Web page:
I hope German consumers got their iPad last year, because Apple raised the prices in Germany for its iDevices on Friday.
The gadget maker told the AP today that it had increased the prices to cover the cost of newly assessed private copyright levy. According to Bitkom, the new levy, or more correctly the new tax, adds between five and six euros to the price of smartphones sold in Germany, and between seven and nine euros to the price of a tablet like the iPad.
The private copyright levy is a tax charged to consumers when they buy media and electronics capable of making copies. The idea was pioneered in Germany in 1965, and has since spread to most of Europe, Canada, and other parts of the world. It originally applied to cassette tapes, but has since been expanded to include external hard disks, storage media like flash drives, CD-Rs, computers (in Germany, at least), and now mobile devices.
The amount collected, and the devices affected, vary from one country to the next. Spain, for example, repealed its private copying levy in 2012, only to decide to pay the tax out of its own coffers. Finland followed suit this year, and the UK does not collect a levy. The French private copying levy, on the other hand, raised €208 million in 2013, and represents almost 60% of the total collected in the European Union.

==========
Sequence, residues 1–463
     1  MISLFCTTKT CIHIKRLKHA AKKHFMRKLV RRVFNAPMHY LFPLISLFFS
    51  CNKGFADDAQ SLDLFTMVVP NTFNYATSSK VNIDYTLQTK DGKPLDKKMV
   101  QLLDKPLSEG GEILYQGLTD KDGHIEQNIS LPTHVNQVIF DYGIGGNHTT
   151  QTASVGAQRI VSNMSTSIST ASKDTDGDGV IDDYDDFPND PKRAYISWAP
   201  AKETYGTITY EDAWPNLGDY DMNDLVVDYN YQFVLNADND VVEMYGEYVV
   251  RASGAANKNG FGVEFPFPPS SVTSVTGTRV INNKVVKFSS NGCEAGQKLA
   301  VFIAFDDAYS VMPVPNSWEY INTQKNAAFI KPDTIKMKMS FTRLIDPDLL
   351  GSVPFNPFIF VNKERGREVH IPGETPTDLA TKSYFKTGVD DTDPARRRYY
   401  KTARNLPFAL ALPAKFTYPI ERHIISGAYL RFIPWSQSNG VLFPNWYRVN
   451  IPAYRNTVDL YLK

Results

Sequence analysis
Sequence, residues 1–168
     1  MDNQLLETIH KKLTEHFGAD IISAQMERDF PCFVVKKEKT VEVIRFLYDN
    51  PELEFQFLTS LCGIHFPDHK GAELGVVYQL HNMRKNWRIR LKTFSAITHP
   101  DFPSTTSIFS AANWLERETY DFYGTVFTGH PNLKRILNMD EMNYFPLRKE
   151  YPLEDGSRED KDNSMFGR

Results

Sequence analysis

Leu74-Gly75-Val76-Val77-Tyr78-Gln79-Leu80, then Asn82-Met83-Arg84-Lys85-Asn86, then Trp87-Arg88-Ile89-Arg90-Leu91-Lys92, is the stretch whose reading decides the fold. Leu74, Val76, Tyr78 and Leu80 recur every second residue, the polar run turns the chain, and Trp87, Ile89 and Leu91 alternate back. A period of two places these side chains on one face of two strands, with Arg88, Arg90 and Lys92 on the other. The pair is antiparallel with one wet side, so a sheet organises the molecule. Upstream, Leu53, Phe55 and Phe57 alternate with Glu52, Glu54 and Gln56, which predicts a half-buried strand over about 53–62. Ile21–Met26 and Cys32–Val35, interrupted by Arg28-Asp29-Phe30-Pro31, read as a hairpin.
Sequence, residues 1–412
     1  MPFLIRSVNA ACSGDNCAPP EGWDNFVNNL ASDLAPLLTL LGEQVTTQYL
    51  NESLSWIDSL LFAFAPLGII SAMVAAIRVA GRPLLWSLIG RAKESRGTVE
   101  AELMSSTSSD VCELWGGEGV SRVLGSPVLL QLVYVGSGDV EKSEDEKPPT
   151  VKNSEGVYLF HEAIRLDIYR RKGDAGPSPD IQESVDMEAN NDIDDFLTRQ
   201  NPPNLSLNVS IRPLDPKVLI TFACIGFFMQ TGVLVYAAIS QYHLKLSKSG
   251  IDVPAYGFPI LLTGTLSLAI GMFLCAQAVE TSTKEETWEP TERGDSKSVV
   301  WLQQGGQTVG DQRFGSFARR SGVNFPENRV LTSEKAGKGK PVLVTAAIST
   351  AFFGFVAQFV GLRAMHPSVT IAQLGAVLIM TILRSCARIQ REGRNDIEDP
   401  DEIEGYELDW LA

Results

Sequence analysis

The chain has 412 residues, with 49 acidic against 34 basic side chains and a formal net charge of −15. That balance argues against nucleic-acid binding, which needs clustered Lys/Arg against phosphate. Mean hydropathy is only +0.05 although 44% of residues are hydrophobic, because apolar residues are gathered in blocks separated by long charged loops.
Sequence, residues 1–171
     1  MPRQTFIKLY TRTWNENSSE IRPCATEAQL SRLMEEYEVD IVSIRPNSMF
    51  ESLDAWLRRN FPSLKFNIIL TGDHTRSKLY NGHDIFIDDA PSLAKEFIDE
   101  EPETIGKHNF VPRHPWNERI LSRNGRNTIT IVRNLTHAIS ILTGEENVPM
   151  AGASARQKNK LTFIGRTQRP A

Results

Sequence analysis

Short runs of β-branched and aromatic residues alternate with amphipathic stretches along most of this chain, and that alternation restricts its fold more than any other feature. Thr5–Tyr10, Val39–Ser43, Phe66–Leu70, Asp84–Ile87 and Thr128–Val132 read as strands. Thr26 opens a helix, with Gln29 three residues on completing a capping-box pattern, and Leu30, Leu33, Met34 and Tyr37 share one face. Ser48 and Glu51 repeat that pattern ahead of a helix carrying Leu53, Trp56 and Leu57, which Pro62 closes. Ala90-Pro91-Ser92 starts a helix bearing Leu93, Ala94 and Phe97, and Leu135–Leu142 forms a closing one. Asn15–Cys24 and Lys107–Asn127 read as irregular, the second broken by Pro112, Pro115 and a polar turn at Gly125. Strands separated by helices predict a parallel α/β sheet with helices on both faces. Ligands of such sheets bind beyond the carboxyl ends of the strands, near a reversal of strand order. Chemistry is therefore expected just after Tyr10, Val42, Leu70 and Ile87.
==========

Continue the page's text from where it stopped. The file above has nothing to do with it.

Also known as the "you must be a pirate" tax, in many countries the private copyright levy is paid to collection societies with the ostensible goal of compensating creators for the
piracy copying that is assumed to be going on.
However, due to the archaic nature of the tax, in many places it is still intended to compensate music and film creators, and not book authors (probably because books were so late to go digital). Also, since the fees are sent to collection societies like Gema, there's serious question as to whether creators actually benefit from the tax.
The many inconsistencies, as well as the dubious benefits, has emboldened some to push for the European Union to junk the private copying levy, or at least harmonize it across the EU.
That is still a work in progress, however.